Welcome to The Few Good Men

Thanks for visiting our club and having a look around, there is a lot to see. Why not consider becoming a member?

Curtiss SB2C Helldiver (Dive bomber)


FGM Lieutenant General
Oct 11, 2010
Reaction score
Castelar, Buenos Aires Province, Argentina.
The Curtiss SB2C Helldiver was a carrier-based dive bomber aircraft produced for the United States Navy during World War II. It replaced the Douglas SBD Dauntless in US Navy service. Despite its size, the SB2C was much faster than the SBD it replaced.-


Have difficult handling characteristics. Neither pilots nor aircraft carrier skippers seemed to like it.-

The Curtiss Helldiver, despite a reputation for being difficult to handle at low speeds, was responsible for the destruction of more Japanese targets than any other aircraft. The Curtiss SB2C single-engine dive-bomber joined the fleet late in 1943, joining the Douglas Dauntless as the primary attack/bombing planes for the US Navy. The two-man Helldiver had a top speed of 295 mph and good range, making it an essential tool in the far reaches of the Pacific war.-


With underwing and bomb attachments, the Helldiver could carry 1,000 pounds of bombs or an internal torpedo; later improvements included an up-rated Wright Cyclone engine and rocket hard-points. It carried two fixed forward 20mm cannon and machine guns in the rear cockpit.-

Only 26 of the 7,000 Helldivers built found their way to the other services; the plane was so valuable in the Pacific theater that the Navy absorbed nearly every plane. Postwar, the Helldiver found further use with the French, Italian, Greek and Portuguese Navies and the Royal Thai Air Force.-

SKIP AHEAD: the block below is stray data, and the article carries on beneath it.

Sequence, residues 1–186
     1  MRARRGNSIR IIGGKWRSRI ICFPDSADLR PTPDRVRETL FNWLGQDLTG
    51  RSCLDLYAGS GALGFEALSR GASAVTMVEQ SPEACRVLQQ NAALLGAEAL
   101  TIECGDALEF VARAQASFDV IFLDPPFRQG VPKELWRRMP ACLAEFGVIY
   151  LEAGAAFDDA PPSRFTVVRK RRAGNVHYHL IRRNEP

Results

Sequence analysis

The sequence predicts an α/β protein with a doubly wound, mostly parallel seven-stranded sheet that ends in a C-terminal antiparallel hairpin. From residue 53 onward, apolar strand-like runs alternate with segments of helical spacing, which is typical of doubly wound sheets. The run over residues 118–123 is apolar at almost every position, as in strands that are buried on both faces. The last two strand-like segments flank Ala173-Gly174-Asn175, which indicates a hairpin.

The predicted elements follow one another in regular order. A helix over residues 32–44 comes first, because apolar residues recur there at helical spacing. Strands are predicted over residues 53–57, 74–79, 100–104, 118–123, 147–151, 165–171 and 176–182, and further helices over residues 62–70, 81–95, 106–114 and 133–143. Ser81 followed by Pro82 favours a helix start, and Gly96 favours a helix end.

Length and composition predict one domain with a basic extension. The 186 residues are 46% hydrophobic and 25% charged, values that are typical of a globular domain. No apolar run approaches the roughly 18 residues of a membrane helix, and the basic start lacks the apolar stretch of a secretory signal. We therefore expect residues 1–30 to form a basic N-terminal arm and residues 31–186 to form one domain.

Specifications (SB2C-4 model):
Engine: One 1,900-hp Wright R-2600-20 Cyclone 14 radial piston engine
Weight: Empty 10,547 lbs., Max Takeoff 16,616 lbs.
Wing Span: 49ft. 9in.
Length: 36ft. 8in.
Height: 13ft. 2in.
Maximum Speed: 295 mph
Cruising Speed: 158 mph
Ceiling: 29,100 ft.
Range: 1,165 miles
Two 20-mm wing-mounted cannon and two 7.62-mm (0.3-inch) machine guns in rear cockpit;
Up to 2,000 pounds of bombs on underwing racks and in fuselage bay.

Last edited:
The Dauntless could carry up to a 725-kilogram (1,600-pound) bomb on a swinging release cradle under the fuselage, and also had a pylon for a single 45-kilogram (100-pound) bomb or other relatively small store under each wing. The release cradle allowed the bomb to clear the propeller during a dive attack. The cradle was not used in level attack, the bomb being dropped directly in that case.

Ha! Ya think? :D

You know, my brother is a bit of a math dweeb and he thought about it a moment and said he thinks physics dictates that the bomb cannot drop faster than the plane is going in a dive. In fact once the bomb is released it should start going slower than the plane. :unsure:

Douglas SBD Dauntless didn't have the cradle.
Maybe they kept blowing up their props so they added the cradle.;)